Hi, Zwelithini I would really love to help you with your bike question but due to the magnitude of yesterday's solar flare the batteries in my crystal ball are dead and my mental telepathy headset circuitry was melted. I need the year, make, and model of your motorcycle please click on " Ask For More Information" directly below and provide this information in the box that will open and then click on the green "SEND" box in the bottom right-hand corner after it posts I will receive an "ALERT" icon that will allow me to respond to your information. Good luck and have a wonderful day.
Hi, Allan before testing any electrical component in the Charging System it is "IMPERATIVE" that you have a fully charged battery of 12.5 volts or more and be able to pass a proper "LOAD" test if necessary, you may have a preliminary reading of 12.5 volts or more but little or zero amperage, the battery is faulty and must be replaced. AGM type batteries fall into this scenario more so than lead-acid batteries.
1. Check battery terminals for damage or corrosion, check the battery cables at "BOTH" ends for loose, corroded, or broken connectors, "INSIDE" and outside the cable harness, perform connector wiggle test and check cables with an ohmmeter if necessary.
2. To check the regulator unplug it from the stator. Take a test light and clip it to the negative terminal of the battery and then touch first one pin and then the other on the plug that goes to the regulator. If you get even the slightest amount of light from the test light the regulator is toast.
To do this with a meter: black lead to battery ground, red lead to each pin on the plug, start with the voltage scale higher than 12vdc and move voltage scale down in steps for each pin. Any voltage is a bad regulator.
3. On the other part of the disconnected regulator plug. Set the multimeter for Ohms x1 scale and measure for resistance across the pins of the stator. You should read something around 0.1 to 0.2 ohms for a 32 amp system.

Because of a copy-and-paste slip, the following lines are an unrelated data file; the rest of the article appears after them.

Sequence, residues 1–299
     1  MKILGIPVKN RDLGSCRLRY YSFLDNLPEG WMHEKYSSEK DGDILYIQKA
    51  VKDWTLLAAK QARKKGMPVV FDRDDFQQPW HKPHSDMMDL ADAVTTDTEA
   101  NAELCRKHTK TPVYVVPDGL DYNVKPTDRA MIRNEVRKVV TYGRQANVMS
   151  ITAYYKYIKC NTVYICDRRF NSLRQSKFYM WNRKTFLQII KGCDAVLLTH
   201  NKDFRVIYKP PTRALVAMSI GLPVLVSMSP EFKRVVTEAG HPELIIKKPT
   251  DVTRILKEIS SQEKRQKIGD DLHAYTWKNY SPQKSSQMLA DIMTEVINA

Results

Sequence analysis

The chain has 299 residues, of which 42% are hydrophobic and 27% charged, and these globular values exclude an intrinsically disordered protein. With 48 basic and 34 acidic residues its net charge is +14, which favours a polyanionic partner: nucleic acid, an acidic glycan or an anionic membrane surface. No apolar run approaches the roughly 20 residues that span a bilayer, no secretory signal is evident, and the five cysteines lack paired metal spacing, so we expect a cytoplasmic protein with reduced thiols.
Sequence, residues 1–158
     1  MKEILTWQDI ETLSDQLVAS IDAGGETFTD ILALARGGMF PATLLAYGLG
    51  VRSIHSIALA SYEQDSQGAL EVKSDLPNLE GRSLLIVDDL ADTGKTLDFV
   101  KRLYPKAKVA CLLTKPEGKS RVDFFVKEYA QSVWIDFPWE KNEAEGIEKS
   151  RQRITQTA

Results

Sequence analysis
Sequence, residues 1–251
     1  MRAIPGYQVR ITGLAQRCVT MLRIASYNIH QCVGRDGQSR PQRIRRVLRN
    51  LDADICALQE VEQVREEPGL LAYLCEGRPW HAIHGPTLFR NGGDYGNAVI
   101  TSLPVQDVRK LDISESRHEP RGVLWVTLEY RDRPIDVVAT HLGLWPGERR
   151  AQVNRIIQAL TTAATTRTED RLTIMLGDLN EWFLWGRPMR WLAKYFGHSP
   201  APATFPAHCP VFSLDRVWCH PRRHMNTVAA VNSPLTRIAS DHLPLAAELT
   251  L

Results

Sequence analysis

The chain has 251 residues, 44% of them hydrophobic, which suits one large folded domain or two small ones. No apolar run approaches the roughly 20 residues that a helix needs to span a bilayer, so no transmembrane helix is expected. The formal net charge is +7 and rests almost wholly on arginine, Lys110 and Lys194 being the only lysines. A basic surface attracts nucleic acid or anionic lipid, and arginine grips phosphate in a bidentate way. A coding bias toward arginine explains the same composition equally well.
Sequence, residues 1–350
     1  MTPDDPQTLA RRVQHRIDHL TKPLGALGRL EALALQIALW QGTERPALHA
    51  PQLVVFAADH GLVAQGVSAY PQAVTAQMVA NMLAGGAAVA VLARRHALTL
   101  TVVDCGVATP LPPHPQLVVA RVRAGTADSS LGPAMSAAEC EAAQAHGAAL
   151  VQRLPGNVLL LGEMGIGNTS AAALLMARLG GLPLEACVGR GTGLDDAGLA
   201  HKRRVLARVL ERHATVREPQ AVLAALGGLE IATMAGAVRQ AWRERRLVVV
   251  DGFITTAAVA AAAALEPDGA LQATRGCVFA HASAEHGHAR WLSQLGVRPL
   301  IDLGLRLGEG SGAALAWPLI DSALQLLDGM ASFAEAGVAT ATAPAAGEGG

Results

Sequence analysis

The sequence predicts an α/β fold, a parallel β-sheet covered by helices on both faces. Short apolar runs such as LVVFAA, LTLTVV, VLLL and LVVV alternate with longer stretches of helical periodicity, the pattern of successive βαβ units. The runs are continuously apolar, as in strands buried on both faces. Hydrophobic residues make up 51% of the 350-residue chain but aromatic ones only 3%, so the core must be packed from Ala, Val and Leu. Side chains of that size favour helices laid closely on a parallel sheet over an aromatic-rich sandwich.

4. Then check for continuity between each pin on the plug and frame/engine ground. The meter needle should not move (infinite resistance)(digitals will show infinite resistance) if the meter needle does move (indicating continuity)(digitals will show some resistance), recheck very carefully. If the meter still shows continuity to ground the stator is shorted (bad).
5. Set the meter to read A/C volts higher than 30 volts (the scale setting for voltage should always be higher than the highest voltage you expect or you may fry the meter). Start the bike, and measure from one pin to the other on the plug (DO NOT cross the multimeter probes! - touch them to each other). You should read roughly 16-20 vac per 1,000 rpm.
6. If the battery was good under load test, if the stator is NOT shorted to ground, and the stator is putting out A/C voltage, then the regulator is bad (most likely even if passed step 2)
For more information about your question and valuable "FREE" downloads that you will need for viewing or printing please click on the blue links below. Good luck and have a wonderful day. https://www.gixxer.com/threads/battery-not-charging.552449/#post-7752073 https://www.gsxr.com/threads/gsxr-charging-system-101.225306/ https://www.youtube.com/watch?v=PevgFfi_oaY https://www.manualslib.com/manual/1212456/Suzuki-Gsr750.html https://www.manualslib.com/manual/813897/Suzuki-Gsx-R750.html https://www.partsfish.com/page/oem-parts-for-suzuki http://mybikemanuals.com/suzuki/
Hi, Zwelithini your instrument gauges and lights can alert you to most electrical and engine issues they can not warn you about failed engine gaskets or seals so your engine has to resort to old fashion alert methods of colored "SMOKE SIGNALS" here is a breakdown of their meaning:
1. COLORLESS OR SLIGHTLY BLUE SMOKE on start-up means your air/fuel mixture is the right composition and everything is well burnt in your combustion chamber.